July 07, 2014
September 14, 2014
Honolulu Museum of Art
In the aftermath of the Pacific War (1941–1945), artists involved in the creative print (sōsaku hanga) movement were faced with a fundamental question: what sort of images could they depict? Traditional themes of ukiyo-e woodblock printmaking, such as famous landscapes around the capital and portraits of beautiful women, were dismissed as anachronistic. Images with clear political or militaristic meaning were discouraged or outright banned by the government. Photography and commercial illustration were so pervasive that artists saw little point in realistically depicting the natural world.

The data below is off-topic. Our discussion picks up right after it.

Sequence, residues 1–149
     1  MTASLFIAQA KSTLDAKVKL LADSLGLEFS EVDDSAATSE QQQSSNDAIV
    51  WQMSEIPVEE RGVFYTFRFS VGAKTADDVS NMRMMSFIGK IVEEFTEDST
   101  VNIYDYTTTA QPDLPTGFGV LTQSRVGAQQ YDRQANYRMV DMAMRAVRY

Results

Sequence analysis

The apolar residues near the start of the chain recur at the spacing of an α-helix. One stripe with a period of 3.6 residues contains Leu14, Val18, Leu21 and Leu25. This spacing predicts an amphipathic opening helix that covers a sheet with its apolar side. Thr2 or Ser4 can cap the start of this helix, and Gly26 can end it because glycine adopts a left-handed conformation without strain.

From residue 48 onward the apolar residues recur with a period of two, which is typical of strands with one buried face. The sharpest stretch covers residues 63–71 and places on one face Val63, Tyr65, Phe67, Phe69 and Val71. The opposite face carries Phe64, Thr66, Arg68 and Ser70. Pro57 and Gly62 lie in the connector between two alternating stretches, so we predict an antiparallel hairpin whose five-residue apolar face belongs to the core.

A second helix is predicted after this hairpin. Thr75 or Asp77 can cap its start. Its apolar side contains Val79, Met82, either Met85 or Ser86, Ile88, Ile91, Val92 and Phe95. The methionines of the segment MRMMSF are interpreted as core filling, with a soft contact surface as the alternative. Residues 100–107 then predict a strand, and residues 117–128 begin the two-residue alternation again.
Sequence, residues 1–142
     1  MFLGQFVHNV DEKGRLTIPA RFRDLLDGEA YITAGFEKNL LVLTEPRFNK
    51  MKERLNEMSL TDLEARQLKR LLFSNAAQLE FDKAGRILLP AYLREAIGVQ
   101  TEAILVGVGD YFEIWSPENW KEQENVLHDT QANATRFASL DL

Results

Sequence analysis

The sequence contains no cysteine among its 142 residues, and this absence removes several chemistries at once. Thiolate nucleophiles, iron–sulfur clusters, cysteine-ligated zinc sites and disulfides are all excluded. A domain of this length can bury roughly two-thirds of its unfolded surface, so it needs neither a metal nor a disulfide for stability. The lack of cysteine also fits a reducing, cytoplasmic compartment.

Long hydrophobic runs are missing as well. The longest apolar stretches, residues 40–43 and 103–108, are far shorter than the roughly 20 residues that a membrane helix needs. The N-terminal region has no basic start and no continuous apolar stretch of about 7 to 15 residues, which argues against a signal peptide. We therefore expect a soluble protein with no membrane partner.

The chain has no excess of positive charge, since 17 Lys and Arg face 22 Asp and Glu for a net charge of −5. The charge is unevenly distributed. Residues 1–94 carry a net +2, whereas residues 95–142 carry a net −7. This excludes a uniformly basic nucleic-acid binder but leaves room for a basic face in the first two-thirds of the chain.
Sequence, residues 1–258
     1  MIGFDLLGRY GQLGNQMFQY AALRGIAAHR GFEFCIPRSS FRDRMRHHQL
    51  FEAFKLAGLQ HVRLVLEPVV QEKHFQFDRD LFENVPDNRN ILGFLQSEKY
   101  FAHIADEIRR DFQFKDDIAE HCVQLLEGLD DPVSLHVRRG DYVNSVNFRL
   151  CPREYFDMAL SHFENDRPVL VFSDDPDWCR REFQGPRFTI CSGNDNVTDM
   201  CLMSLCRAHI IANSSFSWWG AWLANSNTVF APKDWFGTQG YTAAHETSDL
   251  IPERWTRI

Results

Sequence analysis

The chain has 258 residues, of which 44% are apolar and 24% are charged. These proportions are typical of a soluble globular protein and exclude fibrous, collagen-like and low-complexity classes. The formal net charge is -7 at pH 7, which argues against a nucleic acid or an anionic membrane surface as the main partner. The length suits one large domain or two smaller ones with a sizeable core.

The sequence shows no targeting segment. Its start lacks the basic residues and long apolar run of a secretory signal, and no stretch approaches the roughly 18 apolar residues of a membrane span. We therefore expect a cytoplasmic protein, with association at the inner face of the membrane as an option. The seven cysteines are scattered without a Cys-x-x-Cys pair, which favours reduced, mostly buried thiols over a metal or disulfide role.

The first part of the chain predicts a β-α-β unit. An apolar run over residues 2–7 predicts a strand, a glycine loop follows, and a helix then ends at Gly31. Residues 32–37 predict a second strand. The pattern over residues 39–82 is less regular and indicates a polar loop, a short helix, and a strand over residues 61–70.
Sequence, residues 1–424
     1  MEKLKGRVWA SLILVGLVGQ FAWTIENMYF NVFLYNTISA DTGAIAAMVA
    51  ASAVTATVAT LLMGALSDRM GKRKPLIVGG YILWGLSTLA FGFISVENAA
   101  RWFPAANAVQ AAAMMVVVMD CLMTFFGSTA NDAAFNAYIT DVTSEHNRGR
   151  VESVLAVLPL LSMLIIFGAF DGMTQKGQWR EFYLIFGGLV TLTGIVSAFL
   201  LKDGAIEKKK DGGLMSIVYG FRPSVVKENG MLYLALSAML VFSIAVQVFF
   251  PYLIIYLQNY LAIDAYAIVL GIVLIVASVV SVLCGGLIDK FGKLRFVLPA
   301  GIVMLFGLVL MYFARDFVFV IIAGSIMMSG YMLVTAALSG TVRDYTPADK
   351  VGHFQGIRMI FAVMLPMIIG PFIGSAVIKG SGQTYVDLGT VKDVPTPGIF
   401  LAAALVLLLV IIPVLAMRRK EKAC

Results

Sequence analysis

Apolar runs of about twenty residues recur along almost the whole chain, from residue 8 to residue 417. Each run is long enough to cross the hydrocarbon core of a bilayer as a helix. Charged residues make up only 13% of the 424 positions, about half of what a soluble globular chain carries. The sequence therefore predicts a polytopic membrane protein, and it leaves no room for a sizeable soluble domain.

This rotation of prints draws long overdue attention to Takayanagi Yutaka (b. 1941) and other artists who devised fresh, intriguing approaches to figurative printmaking in the late 20th and early 21st centuries. In addition to the works by Takayanagi displayed in this exhibition, the alcove of the adjacent gallery of Japanese art will feature prints by Noda Tetsuya (b. 1940) and Sakurai Makoto (b. 1943), who explore equally innovative approaches to still-lifes.